Of all the crazy ways that members of Congress are above the law, the fact that politicians and their staff are largely immune from insider trading laws has to be near the top of the list. (Oh and it’s also a problem for federal employees.) It boggles the mind to think of the conflicts of interest created by trading shares of businesses that are affected bylegislation that you’re involved in writing, and it’s legal. Earlier this year, Buffalo congressman Chris Collins, known for making suspect trades on congressional knowledge, was overheard by reporters bragging in an elevator, “Do you know how many millionaires I’ve made in Buffalo the past few months?” And HHS Secretary Tom Price was grilled about insider trading during his recent confirmation hearings—he and Collins had even invested in the same small biotech firm, while Price sat on committees that affected its business.
It’s not supposed to be this way. After being repeated public shaming, Congress passed the Stop Trading On Congressional Knowledge (STOCK) act in 2012 with near-unanimous votes in both chambers. But it was quietly amended to loosen up the rules in 2013, and the STOCK Act had a lot of loopholes to begin with.
This week, Politico had a report confirming that the problem is as bad as ever. Among the findings:
Three in 10 members of Congress made a stock trade over the past two years
All told, they made over 21,300 trades
The top 12 traders are responsible for two thirds of those trades
Approximately 7,300 trades are attributable to a single congressman, Mike McCaul of Texas
31 percent of Republicans made a trade, as did 28 percent of Democrats
39 percent of senators made a trade, versus just 28 percent of the House
But, 11 of the top 12 traders are House members
But it’s the anecdotes that are especially infuriating. Take this one:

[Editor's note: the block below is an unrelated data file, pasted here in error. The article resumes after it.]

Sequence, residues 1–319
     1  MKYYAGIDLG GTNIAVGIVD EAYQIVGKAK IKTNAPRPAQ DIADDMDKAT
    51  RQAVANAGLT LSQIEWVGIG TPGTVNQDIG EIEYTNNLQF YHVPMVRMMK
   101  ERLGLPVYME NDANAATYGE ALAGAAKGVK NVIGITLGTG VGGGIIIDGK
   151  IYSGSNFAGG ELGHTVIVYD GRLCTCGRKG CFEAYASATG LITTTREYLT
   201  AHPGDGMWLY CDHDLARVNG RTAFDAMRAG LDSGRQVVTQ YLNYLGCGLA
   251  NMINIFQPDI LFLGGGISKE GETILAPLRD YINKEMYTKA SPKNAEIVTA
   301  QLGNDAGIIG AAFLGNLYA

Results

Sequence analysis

Sen. Sheldon Whitehouse, the Rhode Island Democrat who sits on the Senate HELP Committee, which oversees health care, is a heavy investor in pharmaceutical stocks. Last November, as lawmakers closed in on a bipartisan deal over a significant medical research bill called the 21st Century Cures Act, Whitehouse bought shares in the pharmaceutical firms McKesson, Gilead, and Abbott Labs 10 days before the bill was made public. Whitehouse and his wife bought additional stock in Gilead and Amgen on Nov. 28, two days before the House voted on the bill. The day President Barack Obama signed the bill into law, Whitehouse started a series of three sales of shares in those companies.
“I don’t decide on, neither am I even informed of, trades that are made in my account,” Whitehouse said. “I would find out when the filing goes out. I wouldn’t know anything about it at the time, and, frankly, I don’t know anything about it now.” Whitehouse’s office provided a letter from his financial adviser that said his account was managed without his input, and he was not alerted of trades in advance.
Yes, there’s no hard evidence here suggesting that this is anything other than a remarkable and incredibly unlikely coincidence. But Whitehouse seriously expects us to believe this?
This post originally appeared on Weekly Standard